• Type 2 diabetes is the most common type of diabetes. In this case, your body does not make insulin or can’t use it normally. You are at an increased risk for type 2 diabetes if you are older, overweight, have a family history of diabetes, or do not exercise.
  • Gestational diabetes occurs during pregnancy. Seven out of every 100 pregnant women (7 percent) develop gestational diabetes. Gestational diabetes is tested for at 24-28 weeks of pregnancy. It usually goes away after you give birth. However, if you have it in one pregnancy, you’re more likely to have it in your next pregnancy. You’re also more likely to develop diabetes later in life.

Managing your diabetes during pregnancy

If you have diabetes, it is very important that you control your blood sugar. High blood sugar can be harmful to your baby, especially during the first few weeks of pregnancy when the brain, heart, kidneys and lungs begin to form.

Your blood sugar is affected by pregnancy, by what you eat and drink, and how much physical activity you get. If you have preexisting diabetes (diabetes BEFORE pregnancy), what worked to control your blood sugar before you became pregnant, may not work as well during pregnancy.
Here are some things that you can do to have a healthy pregnancy:

  • Go to all your prenatal care visits, even if you’re feeling fine.
  • Follow your provider’s directions about how often to check your blood sugar. Call your provider if your blood sugar is too high or too low.
  • Tell your provider about any medicine you take, even medicine that’s not related to your diabetes. Some medicines can be harmful during pregnancy, so your provider may need to change them to ones that are safer for you and your baby.
  • If you don’t already have a registered dietician (RD), your provider can recommend one for you. An RD is a person specially trained in nutrition. An RD can help you learn what, how much and how often to eat to best control your diabetes.  She can help you make meal plans and help you know the right amount of weight to gain during pregnancy. Check to see if your health insurance covers treatment from an RD.
  • Do something active every day. With your health provider’s OK, being active every day can help you manage your diabetes.

Diabetes can be a challenge, especially when you are pregnant. But it is possible to manage it and have a healthy pregnancy.

Have questions? Email us at AskUs@marchofdimes.org.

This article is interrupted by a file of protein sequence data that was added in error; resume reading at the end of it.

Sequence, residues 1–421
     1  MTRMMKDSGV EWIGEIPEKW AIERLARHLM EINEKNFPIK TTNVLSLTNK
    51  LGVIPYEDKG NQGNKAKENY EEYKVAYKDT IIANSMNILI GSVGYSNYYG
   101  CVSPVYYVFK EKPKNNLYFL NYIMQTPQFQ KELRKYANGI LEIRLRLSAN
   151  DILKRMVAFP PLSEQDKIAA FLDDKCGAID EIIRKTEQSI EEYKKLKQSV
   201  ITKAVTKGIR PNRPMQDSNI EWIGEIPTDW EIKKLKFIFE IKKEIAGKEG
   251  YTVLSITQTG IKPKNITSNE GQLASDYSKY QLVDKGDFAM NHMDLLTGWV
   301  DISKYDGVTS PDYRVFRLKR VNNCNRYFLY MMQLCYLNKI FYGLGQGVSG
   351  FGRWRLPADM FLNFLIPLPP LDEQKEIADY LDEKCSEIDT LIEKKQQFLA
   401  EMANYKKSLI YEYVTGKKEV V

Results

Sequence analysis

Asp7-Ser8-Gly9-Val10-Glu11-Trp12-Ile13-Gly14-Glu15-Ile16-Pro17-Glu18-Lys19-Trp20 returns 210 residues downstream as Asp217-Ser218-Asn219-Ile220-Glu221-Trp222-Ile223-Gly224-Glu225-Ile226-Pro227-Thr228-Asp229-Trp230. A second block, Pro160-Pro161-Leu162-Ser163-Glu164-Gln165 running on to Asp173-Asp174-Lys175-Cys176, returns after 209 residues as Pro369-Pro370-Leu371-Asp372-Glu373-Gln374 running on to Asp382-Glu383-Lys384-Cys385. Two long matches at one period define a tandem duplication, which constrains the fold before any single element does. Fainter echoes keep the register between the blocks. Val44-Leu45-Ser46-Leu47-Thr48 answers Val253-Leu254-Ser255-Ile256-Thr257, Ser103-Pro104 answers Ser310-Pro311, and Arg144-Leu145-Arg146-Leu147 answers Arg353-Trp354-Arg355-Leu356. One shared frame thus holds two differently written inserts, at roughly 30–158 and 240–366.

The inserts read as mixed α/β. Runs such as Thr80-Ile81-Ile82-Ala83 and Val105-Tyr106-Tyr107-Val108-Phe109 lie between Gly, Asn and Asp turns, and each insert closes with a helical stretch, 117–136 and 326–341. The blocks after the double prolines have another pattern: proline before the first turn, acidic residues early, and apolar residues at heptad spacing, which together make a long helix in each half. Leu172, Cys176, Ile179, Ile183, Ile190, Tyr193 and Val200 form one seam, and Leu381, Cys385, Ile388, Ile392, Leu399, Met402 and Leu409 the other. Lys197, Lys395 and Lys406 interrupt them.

Postpartum depression – don’t suffer in silence

27
Mar
Posted by Lauren

img_postpartum_depIf you keep up with celebrity news, you may have read about model and TV series host Chrissy Teigen’s recent struggle with Postpartum Depression (PPD). Chrissy was feeling all sorts of symptoms without knowing the cause or that there could be an explanation.

Postpartum depression (also called PPD) is a kind of depression that you can get after having a baby. PPD is strong feelings of sadness that last for a long time. It is the most common complication for women who have just had a baby; in fact 1 in 9 women suffer from PPD, which is different from the “baby blues.” Many women don’t know why they are suffering or are hesitant to reach out for help.

One of Chrissy’s greatest attributes is her ability to be truthful and “tell it like it is.” In her essay that was published in Glamour, she writes “I also just didn’t think it could happen to me… But postpartum (depression) does not discriminate. I couldn’t control it. And that’s part of the reason it took me so long to speak up: I felt selfish, icky, and weird saying aloud that I’m struggling.”

Signs of PPD

You may have PPD if you have five or more signs that last longer than two weeks:

Changes in your feelings:

  • Feeling depressed most of the day every day
  • Feeling shame, guilt or like a failure
  • Feeling panicky or scared a lot of the time
  • Having severe mood swings

Changes in your everyday life:

  • Having little interest in things you normally like to do
  • Feeling tired all the time
  • Eating a lot more or a lot less than is normal for you
  • Gaining or losing weight
  • Having trouble sleeping or sleeping too much
  • Having trouble concentrating or making decisions

Changes in how you think about yourself or your baby:

  • Having trouble bonding with your baby
  • Thinking about hurting yourself or your baby
  • Thinking about ending your life

If you have any of the symptoms mentioned above or think you may have PPD, call your health care provider. There are things you and your provider can do to help you feel better. Reach out for help and support today. For more information about PPD, see our article.

Have questions? Email us at AskUs@marchofdimes.org.

 

Where does all the weight gain go during pregnancy?